Games are a distinctive art form — one very different from the traditional arts. Game designers don’t just create an environment, or characters, or a story. They tell you who to be in the game. They set your basic abilities: whether you will run and jump, or move around your pieces geometrically, or bid and raise. And, most importantly, they tell you what your goals will be. By specifying the points and victory conditions, the designer sets the players’ core motivations in the game.
This helps us get a better grip on the uniqueness of games as an art form. Game designers aren’t just telling stories. Game designers are sculpting a specific form of practical activity. They are deciding what we will do within the game and how we will do it. They do so by designing the basic shape of our agency within the game, and then designing the obstacles that we will encounter. A game designer says, in Super Mario Brothers, your goal is to go right, your abilities are running and jumping — and the world is full of dangers to run past and jump over. In poker, your goal is to get money, and your abilities are strictly limited to bidding and raising, and careful surveillance of the other player’s actions and expressions — and the world is full of other people doing the same to you.
Let’s approach the issue this way: What is the artistic medium of games? If oil painters work in oil, and poets work in language, what does the game designer work in? I mean games in a very broad sense here, including video games, board games, role playing games, party games, and sports. To encompass all that variety, the answer can’t be something as narrow as software code or virtual environments. Many games are played on boards or in physical arenas. But, still, there is a common thread to all game design. The designer shapes our practical struggle by manipulating our practical interests and abilities, and the challenges we will face. Game designers work in the medium of agency itself. Games are the art of agency.
And, by shaping agent and world to match, the game designer can crystallize a particular and focused experience of the player’s own activity. In Super Mario Brothers the game is an active, reflexive activity of timing and movement. In poker the game is an information-gathering, data-manipulating, calculative activity. And that crystallization can highlight the aesthetic qualities of that activity. Games offer us the opportunity to experience beauty in our own action and thought.
Such aesthetic experiences occur naturally in our everyday lives. A box falls off of a truck and we swerve gracefully around it. A puzzling research dilemma defies us, and then everything falls into place in one glorious moment of epiphany. We have way too much stuff for this moving van, but then we figure out a clever way to interlock the furniture and it all just gorgeously fits. These experiences can be quite rare in ordinary life. But games can crystallize these aesthetic delights for us — and concentrate and refine them. Boxing crystallizes the aesthetic joys of dodging gracefully. Chess crystallizes the aesthetic joys of logical epiphanies. Tetris crystallizes the joys of, well, Tetrising stuff.
Ordinary life offers these aesthetic delights rarely, because in ordinary life our desires, abilities and the world are often out of synch. The problems and tasks which the world presents us with are often overwhelmingly difficult or tediously simplistic. But game designers can foster aesthetically delightful action by designing both the in-game agent and gaming world to match, to promote an experience of practical harmony.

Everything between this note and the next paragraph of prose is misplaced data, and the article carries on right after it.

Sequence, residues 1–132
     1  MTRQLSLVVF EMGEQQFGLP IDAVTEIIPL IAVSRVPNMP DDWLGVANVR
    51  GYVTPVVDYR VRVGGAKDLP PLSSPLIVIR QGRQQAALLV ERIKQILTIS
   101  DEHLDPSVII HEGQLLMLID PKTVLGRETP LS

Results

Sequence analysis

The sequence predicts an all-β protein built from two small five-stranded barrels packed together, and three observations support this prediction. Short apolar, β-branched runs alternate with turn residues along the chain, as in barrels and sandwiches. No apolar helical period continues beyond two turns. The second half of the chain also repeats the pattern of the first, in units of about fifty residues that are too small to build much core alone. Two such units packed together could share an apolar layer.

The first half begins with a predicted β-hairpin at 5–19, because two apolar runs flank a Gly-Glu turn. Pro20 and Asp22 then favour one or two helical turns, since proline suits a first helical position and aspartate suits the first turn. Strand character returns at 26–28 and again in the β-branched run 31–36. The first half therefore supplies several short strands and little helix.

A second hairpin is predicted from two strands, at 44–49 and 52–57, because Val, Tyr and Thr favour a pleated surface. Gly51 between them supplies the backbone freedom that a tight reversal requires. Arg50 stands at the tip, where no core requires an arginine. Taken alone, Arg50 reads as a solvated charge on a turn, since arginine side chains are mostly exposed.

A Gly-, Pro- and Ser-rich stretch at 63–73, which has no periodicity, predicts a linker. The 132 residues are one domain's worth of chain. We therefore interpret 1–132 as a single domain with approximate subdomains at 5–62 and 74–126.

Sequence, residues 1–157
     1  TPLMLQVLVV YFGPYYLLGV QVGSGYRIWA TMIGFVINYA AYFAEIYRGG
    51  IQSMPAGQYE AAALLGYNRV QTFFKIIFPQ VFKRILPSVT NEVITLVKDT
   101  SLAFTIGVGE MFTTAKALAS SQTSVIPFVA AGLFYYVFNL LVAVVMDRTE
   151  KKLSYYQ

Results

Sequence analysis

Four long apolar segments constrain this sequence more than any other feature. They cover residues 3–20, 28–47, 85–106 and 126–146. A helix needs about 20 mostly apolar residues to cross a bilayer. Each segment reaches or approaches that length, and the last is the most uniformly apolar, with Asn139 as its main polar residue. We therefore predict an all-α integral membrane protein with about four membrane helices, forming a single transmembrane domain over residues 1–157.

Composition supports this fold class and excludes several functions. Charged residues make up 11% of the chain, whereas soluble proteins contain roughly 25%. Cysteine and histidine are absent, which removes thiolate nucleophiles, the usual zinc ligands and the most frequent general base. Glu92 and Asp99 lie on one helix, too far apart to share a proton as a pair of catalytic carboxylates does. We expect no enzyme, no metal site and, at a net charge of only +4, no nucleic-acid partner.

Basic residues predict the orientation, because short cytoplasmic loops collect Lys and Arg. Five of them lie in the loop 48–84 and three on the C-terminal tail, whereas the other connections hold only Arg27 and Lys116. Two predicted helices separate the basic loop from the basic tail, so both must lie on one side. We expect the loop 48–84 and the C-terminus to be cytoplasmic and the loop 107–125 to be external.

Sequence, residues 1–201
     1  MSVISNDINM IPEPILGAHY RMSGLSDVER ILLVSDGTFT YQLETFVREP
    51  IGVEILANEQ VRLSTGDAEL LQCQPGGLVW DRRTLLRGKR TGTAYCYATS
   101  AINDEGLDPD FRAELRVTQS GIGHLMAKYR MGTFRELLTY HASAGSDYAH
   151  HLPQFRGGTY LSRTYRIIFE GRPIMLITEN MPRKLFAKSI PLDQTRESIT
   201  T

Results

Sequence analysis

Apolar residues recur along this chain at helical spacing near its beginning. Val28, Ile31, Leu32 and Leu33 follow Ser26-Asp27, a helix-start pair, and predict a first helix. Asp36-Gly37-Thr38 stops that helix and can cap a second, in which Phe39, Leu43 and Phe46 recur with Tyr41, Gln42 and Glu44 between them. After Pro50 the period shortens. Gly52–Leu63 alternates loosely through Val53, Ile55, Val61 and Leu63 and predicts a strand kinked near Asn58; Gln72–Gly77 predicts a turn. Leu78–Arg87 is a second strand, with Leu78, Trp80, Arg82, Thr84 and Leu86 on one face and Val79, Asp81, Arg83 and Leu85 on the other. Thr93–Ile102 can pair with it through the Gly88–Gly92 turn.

Games are a part of an under-respected, and under-theorized, category of art — what I call the arts of action. In a game, the audience isn’t just supposed to appreciate the aesthetic qualities of the game itself. The audience isn’t supposed to appreciate only the enduring and stable designed object. Games call for something more participatory. The game calls forth actions from the players, and then players are meant to appreciate the aesthetic qualities in their own actions. They are supposed to find beauty, thrill, and terror in themselves — in their own decisions, their calculations, their reflexive movements, or their coordination with their teammates.
The attempt to make games legible within traditional theories of art has often lead theorists to ignore that self-reflective character. Arguments that “games are art!” have usually sought to assimilate games to the more traditional arts by praising the sorts of stable properties they share with the traditional arts — like their graphics, music, or story. But that emphasis tears our attention away from the most unique aesthetic goods on offer.
If we can learn to respect games for their own special qualities, then we will see games’ true place in our ecosystem of artifacts. Games enable a distinctive kind of communication. Every form of art lets us capture a different aspect of our experience and being. Paintings capture sights; music captures sounds; fiction capture stories. And games, it turns out, can capture and transmit different ways of being practical. Games are our technology for communicating modes of agency.
One way to put it: traditional libraries are marvelous, vast collections of texts, which we can use to explore all sorts of ideas, stories, and emotional perspectives. The body of games represents another kind of library: a library of agency. Every game encodes a different practical style. Chess encodes sharp, precise, tactical look-ahead. Diplomacy encodes manipulation and deceit. Tetris encodes rotational spatial relationships. And by playing games, we can explore these different practical styles. Through games, we can learn new ways to inhabit our own agency.